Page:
Tuesday, May 22, 2012

Making Your Message Stand Out

"I've explained the same concept over and over again, but it's not sinking in.  I just tried again, and got more blank looks."

"This is the third time I've told them what to do, and they're still doing it wrong."

"Nobody responded to that urgent email I sent out last week.  It sank without a ripple.  What do I do now?"

Chances are that you heard yourself declaring your own variation of one of these comments recently.   

What's your communications brick wall today?  Where are you struggling to get traction?  

In this super-saturated media world, with endless assaults on your audience's attention, it's difficult to get your own voice heard.  When your messaging isn't getting remarkable results, maybe it's because it simply isn't getting out. In fact, it may be getting drowned out.  

So is there a way to make it stand out?

I've got six ways for you.

They're found in the book Made To Stick, by Chip and Dan Heath.  

Best.  Messaging.  Book.  Ever.

It outlines six characteristics that make communications memorable:
  • Simplicity
  • Unexpectedness
  • Concreteness
  • Credibility
  • Emotional
  • Stories
My acronym-happy soulmates have probably already noticed that the first initials of these words spell SUCCES.  Add another "s" for stupendous, and you're all set.

Click here for a very good, quick summary read about the Heath brothers and each of the bullet point particulars above -- that is, if you're too busy (or cheap) to purchase and/or download the whole book and read it from cover to (virtual) cover.

The stories that Chip and Dan use to prove their points are fascinating.   Each of their winning principles is described in engaging detail, with practical tips and tools.  (Hint: Jared, the Subway sandwich spokesman, is in here. Did you know that Subway's marketing folks were dead set against using him at first?  He turned out to be the best thing that ever happened to Subway advertising.)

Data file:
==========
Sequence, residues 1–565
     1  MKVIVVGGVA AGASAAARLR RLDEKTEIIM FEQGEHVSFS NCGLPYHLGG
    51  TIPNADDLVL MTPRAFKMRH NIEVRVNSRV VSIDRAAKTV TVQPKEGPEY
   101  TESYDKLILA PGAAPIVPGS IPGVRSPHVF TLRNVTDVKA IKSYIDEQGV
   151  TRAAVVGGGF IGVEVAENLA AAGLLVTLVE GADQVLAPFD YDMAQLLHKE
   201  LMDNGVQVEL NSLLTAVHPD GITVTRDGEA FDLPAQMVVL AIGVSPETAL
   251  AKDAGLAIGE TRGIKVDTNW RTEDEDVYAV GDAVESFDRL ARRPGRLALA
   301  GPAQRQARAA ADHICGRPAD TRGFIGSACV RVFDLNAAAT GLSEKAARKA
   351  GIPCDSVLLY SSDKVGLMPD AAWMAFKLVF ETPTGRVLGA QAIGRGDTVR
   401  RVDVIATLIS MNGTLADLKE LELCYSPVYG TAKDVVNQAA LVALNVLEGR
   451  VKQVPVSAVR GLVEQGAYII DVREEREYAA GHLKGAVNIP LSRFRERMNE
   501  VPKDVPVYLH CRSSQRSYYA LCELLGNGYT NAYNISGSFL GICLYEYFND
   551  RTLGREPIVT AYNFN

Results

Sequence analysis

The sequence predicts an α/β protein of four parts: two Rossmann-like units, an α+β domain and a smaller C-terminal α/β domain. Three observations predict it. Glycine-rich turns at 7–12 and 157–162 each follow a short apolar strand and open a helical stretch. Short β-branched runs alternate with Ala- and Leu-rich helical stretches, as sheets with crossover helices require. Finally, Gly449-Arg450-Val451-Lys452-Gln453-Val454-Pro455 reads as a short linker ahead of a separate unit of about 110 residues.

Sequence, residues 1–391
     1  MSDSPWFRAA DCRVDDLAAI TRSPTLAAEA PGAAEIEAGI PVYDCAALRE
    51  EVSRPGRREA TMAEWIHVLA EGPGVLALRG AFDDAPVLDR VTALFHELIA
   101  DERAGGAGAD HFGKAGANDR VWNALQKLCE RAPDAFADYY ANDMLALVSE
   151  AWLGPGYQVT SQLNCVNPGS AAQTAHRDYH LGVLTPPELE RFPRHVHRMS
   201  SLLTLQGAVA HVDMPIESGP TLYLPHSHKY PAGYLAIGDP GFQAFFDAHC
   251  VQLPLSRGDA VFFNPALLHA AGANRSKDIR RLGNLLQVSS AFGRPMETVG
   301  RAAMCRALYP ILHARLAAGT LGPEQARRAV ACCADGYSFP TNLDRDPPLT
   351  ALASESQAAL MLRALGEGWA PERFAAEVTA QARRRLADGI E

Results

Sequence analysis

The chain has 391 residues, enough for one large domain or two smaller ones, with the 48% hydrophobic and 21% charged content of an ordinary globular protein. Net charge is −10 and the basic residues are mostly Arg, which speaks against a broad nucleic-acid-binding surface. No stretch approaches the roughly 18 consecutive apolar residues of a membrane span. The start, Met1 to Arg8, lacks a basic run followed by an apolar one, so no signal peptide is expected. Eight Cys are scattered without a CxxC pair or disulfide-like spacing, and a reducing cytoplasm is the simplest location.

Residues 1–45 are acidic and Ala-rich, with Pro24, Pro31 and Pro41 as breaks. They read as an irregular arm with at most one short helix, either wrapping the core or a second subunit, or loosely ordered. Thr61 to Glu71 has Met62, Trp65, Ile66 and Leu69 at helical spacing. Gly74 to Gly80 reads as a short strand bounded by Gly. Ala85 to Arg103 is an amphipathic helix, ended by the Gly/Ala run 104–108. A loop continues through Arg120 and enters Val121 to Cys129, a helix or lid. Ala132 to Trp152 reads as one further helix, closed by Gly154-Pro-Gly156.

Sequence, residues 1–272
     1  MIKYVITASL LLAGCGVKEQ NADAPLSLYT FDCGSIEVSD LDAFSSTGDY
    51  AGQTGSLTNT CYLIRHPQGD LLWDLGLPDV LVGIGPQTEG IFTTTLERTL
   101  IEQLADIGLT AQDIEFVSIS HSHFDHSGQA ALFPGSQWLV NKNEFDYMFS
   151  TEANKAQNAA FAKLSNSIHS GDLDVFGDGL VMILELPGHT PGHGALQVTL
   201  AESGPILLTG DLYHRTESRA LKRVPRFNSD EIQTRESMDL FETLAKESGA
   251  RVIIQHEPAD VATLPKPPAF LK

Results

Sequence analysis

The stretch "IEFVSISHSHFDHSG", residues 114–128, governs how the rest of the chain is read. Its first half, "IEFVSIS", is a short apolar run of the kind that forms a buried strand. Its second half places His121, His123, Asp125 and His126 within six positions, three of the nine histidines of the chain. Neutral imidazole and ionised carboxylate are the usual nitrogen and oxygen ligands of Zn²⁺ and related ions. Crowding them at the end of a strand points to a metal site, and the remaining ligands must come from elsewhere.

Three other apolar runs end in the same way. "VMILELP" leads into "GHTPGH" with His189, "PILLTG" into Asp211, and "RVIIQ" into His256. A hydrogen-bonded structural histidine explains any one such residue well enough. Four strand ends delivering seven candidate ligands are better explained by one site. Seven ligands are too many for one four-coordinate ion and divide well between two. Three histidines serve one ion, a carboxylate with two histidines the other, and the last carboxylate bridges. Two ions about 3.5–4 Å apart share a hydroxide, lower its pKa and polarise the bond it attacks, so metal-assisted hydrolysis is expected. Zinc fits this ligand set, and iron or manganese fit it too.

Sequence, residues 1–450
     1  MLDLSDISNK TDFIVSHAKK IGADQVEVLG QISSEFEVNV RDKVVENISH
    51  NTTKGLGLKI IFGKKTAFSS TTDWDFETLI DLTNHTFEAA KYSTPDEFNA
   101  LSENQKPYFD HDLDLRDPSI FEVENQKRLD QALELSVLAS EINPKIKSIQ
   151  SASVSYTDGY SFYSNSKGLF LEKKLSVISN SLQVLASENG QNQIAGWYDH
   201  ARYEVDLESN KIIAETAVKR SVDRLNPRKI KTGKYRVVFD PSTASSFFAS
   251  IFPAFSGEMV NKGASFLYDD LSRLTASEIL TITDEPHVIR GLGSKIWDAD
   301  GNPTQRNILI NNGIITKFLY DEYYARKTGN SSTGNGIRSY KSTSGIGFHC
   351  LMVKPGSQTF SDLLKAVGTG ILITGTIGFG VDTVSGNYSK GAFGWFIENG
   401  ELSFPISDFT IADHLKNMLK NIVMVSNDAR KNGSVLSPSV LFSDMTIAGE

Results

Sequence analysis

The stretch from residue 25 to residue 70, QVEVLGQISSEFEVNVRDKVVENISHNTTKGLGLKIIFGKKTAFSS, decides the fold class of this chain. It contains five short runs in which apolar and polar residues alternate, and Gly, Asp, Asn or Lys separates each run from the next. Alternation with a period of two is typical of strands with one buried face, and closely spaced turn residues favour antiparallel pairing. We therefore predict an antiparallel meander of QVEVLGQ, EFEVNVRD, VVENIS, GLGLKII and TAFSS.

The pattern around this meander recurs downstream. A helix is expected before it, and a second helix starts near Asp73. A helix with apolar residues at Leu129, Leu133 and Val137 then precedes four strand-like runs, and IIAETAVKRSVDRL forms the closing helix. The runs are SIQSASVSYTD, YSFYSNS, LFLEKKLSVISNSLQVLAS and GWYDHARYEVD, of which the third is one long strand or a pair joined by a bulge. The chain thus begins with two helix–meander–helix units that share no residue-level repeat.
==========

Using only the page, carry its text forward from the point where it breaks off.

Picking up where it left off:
For example: of the two bikes in the picture above, which one do you notice more?  Obviously it's the one with the flowers in its basket.  That little touch of unexpectedness captures your attention.  In the same way, it's the unexpected punch line of a joke that makes us laugh -- and repeat it at our next party.  And it's the unexpected ending of many a story or a movie that makes it memorable enough to recommend it to our friends. 

Lesson learned:   If you can retell your unheard message with a surprise twist of some kind, it will skip past your audience's defenses, charm them into full attentiveness, and create a lasting impression.  And in their chapter on Unexpectedness, Chip and Dan give plenty of illustrations for how to do it.

The basic theme of Made To Stick is this: It takes a lot of creative engineering to make people remember what you say.  Yes, that's a bit of a burden -- but it's also a big bonus.  After all, if you take the time and effort to insert some of these attention-winning characteristics into your messaging, and your competition doesn't, you'll probably own your audience -- and they won't.  

I'm planning to do a deeper dive into each of these stand-out tactics in future posts, so stay tuned!  But in the mean time, remember:

Your idea won't just sell itself, and your message won't just tell itself.  So don't just say something.  Hone it. Craft it. Make it stick.

At bare minimum, this means whenever possible that you should sit on a piece of writing for 24 hours before you send it out.  Never send a first-draft message to do a fully-strategized message's job.  Take the time to look it over, and you'll usually see something you've overlooked -- something that you can tweak to make your message memorable.

When your messaging stands out, you'll win out.  

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